A = Kitchener, B=Owen Sound, C=Haliburon
If you were a landscape painter in the early 1900’s, the Haliburton Highlands would have been a necessary destination. The seasonal changes, wooded hills, wildlife, and lakes would provide endless subject matter. Best of all, the Victoria Railway would take you right into Haliburton, and from there you could hike your way up to Algonquin Park. Unfortunately, passenger service to Haliburton ended in 1972. And besides, a train wouldn’t do much good for an artist whose current medium includes a 16-foot canoe. The vehicle of choice for the portage to Haliburton was a 14-foot UHaul truck.
Pouya and I picked up the truck in Kitchener on Sunday, December 4, and after a couple stops to purchase fishing line, we arrived at the Tom Thomson Gallery in Owen Sound at about 4:00 in the afternoon. With the help of gallery assistant Trevor Pfeiffer, we managed to angle the canoe into the truck. Barely. Then we headed for Haliburton, stopping two more times on the way for more fishing line.
Pouya surveying the landscape of Simcoe County.
By the time we arrived in the Haliburton Highlands, it was very dark outside and raining hard. This was by far the most grueling leg of the portage since it involved winding our way through tight, rugged, hilly backroads in a UHaul with bad brakes loaded with a precious and precariously loaded cargo. We arrived safely at about 8:00 pm and crashed at a hotel for the night.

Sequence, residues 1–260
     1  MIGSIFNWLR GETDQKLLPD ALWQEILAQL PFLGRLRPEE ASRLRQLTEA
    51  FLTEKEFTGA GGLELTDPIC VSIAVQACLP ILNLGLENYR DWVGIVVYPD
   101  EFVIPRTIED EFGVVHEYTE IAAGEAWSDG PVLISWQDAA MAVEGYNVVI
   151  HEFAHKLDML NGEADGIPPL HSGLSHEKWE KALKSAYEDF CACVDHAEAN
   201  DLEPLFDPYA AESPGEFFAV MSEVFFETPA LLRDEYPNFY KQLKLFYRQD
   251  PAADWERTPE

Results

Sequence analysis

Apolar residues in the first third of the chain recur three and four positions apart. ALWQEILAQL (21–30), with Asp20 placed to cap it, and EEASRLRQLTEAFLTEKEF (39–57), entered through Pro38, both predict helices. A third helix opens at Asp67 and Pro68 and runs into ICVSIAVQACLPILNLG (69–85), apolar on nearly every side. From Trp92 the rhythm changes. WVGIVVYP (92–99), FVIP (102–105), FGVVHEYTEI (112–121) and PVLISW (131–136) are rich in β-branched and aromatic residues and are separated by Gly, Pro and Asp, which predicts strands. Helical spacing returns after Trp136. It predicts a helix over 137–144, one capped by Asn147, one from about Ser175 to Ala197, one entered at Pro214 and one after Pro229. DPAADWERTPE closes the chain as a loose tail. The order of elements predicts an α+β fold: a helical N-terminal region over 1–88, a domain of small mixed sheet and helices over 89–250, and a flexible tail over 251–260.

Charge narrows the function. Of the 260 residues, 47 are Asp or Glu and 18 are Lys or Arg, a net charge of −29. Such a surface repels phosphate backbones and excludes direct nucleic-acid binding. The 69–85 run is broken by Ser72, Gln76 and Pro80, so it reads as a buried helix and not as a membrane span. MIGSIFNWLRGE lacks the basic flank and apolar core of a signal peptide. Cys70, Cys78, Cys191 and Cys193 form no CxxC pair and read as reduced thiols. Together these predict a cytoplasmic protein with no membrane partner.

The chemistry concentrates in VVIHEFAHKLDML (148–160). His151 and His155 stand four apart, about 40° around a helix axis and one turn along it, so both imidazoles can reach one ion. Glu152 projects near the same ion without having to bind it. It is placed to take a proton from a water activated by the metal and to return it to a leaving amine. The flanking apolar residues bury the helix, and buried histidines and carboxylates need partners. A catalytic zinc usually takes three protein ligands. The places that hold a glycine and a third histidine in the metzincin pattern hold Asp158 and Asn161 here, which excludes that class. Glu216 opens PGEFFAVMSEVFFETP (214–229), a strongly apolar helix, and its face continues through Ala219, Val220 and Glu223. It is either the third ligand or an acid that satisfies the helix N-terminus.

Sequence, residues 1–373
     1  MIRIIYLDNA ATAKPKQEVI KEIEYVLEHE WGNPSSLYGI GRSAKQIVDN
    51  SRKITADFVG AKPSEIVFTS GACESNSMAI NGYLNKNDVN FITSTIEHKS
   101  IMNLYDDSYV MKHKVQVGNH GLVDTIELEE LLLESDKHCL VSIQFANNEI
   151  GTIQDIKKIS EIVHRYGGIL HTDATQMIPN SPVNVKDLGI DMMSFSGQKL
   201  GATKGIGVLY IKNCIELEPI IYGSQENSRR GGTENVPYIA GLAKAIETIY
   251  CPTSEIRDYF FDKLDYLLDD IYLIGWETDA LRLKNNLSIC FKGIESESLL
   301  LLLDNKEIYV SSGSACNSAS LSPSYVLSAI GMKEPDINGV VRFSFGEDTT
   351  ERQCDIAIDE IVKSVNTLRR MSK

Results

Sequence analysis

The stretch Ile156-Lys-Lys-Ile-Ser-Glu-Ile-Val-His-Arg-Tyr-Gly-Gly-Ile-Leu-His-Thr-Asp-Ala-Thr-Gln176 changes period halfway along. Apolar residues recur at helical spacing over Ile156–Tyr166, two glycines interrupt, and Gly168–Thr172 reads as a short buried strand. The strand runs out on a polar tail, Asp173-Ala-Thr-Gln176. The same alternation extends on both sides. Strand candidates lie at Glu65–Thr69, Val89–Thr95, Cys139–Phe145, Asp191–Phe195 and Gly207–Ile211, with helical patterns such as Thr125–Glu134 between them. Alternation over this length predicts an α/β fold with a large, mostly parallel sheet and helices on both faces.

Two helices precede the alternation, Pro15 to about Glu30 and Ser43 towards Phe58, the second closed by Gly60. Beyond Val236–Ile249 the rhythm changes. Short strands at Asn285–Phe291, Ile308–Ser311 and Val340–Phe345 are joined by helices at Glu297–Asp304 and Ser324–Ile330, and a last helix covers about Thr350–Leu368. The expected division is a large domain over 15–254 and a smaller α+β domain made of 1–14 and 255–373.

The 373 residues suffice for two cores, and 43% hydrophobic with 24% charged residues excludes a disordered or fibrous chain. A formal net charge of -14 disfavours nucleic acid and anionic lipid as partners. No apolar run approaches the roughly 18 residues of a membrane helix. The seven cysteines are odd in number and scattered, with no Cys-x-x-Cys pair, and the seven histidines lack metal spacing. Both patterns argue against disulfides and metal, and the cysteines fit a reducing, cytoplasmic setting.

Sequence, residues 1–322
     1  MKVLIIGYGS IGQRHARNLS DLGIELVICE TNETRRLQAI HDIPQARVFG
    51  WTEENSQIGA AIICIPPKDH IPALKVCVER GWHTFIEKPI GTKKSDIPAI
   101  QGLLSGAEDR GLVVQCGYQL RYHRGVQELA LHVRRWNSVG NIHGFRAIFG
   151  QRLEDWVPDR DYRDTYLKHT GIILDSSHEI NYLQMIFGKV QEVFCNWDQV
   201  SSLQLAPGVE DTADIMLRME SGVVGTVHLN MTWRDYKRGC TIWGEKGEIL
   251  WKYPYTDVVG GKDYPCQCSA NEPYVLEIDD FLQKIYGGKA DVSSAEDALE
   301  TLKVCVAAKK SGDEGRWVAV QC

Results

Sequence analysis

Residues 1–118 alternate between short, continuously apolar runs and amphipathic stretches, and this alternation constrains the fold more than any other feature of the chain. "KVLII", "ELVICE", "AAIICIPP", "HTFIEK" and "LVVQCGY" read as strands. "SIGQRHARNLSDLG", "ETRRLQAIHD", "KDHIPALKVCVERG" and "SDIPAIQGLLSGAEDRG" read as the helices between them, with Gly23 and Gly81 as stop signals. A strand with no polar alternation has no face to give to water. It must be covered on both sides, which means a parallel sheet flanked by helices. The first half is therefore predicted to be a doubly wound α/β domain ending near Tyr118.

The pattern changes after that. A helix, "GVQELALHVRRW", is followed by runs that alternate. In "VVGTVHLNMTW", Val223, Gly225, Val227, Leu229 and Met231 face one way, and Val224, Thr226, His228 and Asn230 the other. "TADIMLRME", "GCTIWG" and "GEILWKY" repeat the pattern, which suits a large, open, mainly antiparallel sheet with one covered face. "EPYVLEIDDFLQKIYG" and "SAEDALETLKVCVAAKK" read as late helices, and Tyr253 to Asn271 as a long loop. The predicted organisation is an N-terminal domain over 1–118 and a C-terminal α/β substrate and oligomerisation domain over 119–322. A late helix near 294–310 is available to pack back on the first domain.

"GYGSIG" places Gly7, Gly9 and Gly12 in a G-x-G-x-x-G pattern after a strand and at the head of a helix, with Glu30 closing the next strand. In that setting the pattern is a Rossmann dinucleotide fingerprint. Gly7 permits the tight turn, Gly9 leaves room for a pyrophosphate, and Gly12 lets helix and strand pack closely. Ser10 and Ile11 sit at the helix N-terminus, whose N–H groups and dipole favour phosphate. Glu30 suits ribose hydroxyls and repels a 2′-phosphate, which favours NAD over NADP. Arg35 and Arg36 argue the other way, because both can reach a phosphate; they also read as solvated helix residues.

The next morning we drove into downtown Haliburton and saw the Rails End Gallery for the first time. It is quite an impressive sight. Still looks like a train station, complete with a rail car out front that is currently used for storage.
Getting the canoe into the gallery was no easy task. We had to haul it up two flights of stairs and through a very narrow doorway. But with the help of Courtney Bryant, we were in and installing in no time. The first step, of course, was the string-cutting ceremony.
Here we go again.
This seems to get easier all the time. But always tragic in some way.
Gallery Director Laurie Jones pulling off the fishing line.
It took about 8 hours to restring the canoe, making use of our handy canoe-stringing-implement described in a previous post. We discovered that our muscular stringing technique is actually putting undue stress on the structure of the canoe. For the next installation, we may have to install supports to keep the poor vessel from buckling under the tight wrapping of the fishing line.
In the end, the project looked great in this fantastic space.
Installed and ready to go at Rails End
Many thanks to Laurie for her assistance with the installation, and most of all for her hospitality.
Laurie in front of the gallery.